Skip to content Skip to footer

New Oklahoma Bill Bans Teaching About Racism Because It Causes “Discomfort”

The law bars lessons on race or sex that cause “discomfort, guilt, anguish or any other form of psychological distress.”

Oklahoma Gov. Kevin Stitt speaks during a roundtable discussion in the State Dining Room of the White House in Washington, D.C., on June 18, 2020.

Oklahoma Gov. Kevin Stitt signed a bill into law on Friday barring grade schools from teaching lessons about race or sex that may make students uncomfortable.

Schools in the state can no longer teach lessons about race that may cause “discomfort, guilt, anguish or any other form of psychological distress” to students. The bills passed the House and the Senate by wide margins. Both chambers are overwhelmingly controlled by Republicans, none of whom voted against the bill.

HB 1775 also bars educators from teaching students that “one race or sex is inherently superior to another race or sex” and the Republicans sponsoring the bill claim that they’re concerned about the teaching of critical race theory — though the implicit claim that educators were teaching either of the aforementioned concepts is dubious at best.

Critical race theory does not teach that any races are superior to others; rather, it simply holds that racism is deeply rooted in the country and is encoded in laws today, which the U.S. education system already largely fails to teach anyway. In trying to remove education on systemic racism in the country, Republicans have further embedded systemic racism into law, thus proving the point put forth by critical race theory.

“It’s a law that protects white students from white fragility by banning any subject that forces them to think critically about American racism past, present or future,” wrote Zack Linly for The Root. “This isn’t about education, it’s about racism…. Banning [critical race theory] does just as much to further the divide as teaching it apparently does. Black feelings are being disregarded while white feelings are being catered to.”

Many advocates and educators were appalled at the passage of the bill.

The 1921 Tulsa Race Massacre Centennial Commission wrote, “We are extremely disappointed that Oklahoma Legislators, including Governor Stitt, chose to support HB1775 which diametrically opposes the work of the 1921 Tulsa Race Massacre Centennial Commission.” The group was created with the aim of educating people about the white mob that killed hundreds in a predominantly Black neighborhood in Tulsa 100 years ago. Stitt is a commissioner in the group.

“The intention of the bill clearly aims to limit teaching the racial implications of America’s history. The bill serves no purpose than to fuel the racism and denial that afflicts our communities and our nation,” writes the commission. “It is a sad day and a stain on Oklahoma.” The Black Wall Street Times has called on Stitt’s removal from the commission in light of his signing of the bill.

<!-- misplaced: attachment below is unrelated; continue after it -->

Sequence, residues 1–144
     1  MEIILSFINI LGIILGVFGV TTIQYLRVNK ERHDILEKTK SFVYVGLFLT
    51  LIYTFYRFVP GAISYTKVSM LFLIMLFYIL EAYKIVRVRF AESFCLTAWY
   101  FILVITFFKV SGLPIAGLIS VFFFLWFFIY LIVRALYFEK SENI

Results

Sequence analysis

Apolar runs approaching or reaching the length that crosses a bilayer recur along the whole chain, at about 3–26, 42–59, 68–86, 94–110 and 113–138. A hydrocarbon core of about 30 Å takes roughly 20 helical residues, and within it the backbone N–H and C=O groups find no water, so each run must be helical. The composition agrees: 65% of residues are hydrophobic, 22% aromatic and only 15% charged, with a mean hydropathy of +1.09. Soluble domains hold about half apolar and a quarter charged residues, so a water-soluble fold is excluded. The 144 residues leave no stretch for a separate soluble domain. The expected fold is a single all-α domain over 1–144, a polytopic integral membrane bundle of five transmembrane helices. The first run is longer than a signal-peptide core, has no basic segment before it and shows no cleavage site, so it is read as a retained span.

Education officials in the state have also spoken out against the bill. Paula Lewis, the chairwoman of the Oklahoma City School Board, called HB 1775 “an outright racist and oppressive piece of legislation” on Twitter.

“I am appalled at the flagrant attempt to erase factual, incomprehensible history that has occurred in the United States,” Lewis wrote in a Twitter thread. “Our history as a country and as a state, if told accurately, is uncomfortable and should be heartbreaking for Americans that look like me, white.”

As with attacks on protesting, voting and trans people, Republicans in state legislatures have launched initiatives in half a dozen states to try and ban the teaching of critical race theory or their approximation of the subject, which is often flawed or outright wrong. The use of the term “critical race theory” is likely a distraction from their true aim of keeping white supremacy front and center in all curricula.

“The term critical race theory is being used by Republicans in a loose way to capture all sorts of critical thought about the histories and legacies of racism in this country,” Amna Akbar, an associate law professor at Ohio State University, told The Hill. “It’s a bogeyman that they’re constructing around critical attention to the history of the country.”

A critical message, before you scroll away

You may not know that Truthout’s journalism is funded overwhelmingly by individual supporters. Readers just like you ensure that unique stories like the one above make it to print – all from an uncompromised, independent perspective.

At this very moment, we’re conducting a fundraiser with a goal to raise $13,000. So, if you’ve found value in what you read today, please consider a tax-deductible donation in any size to ensure this work continues. We thank you kindly for your support.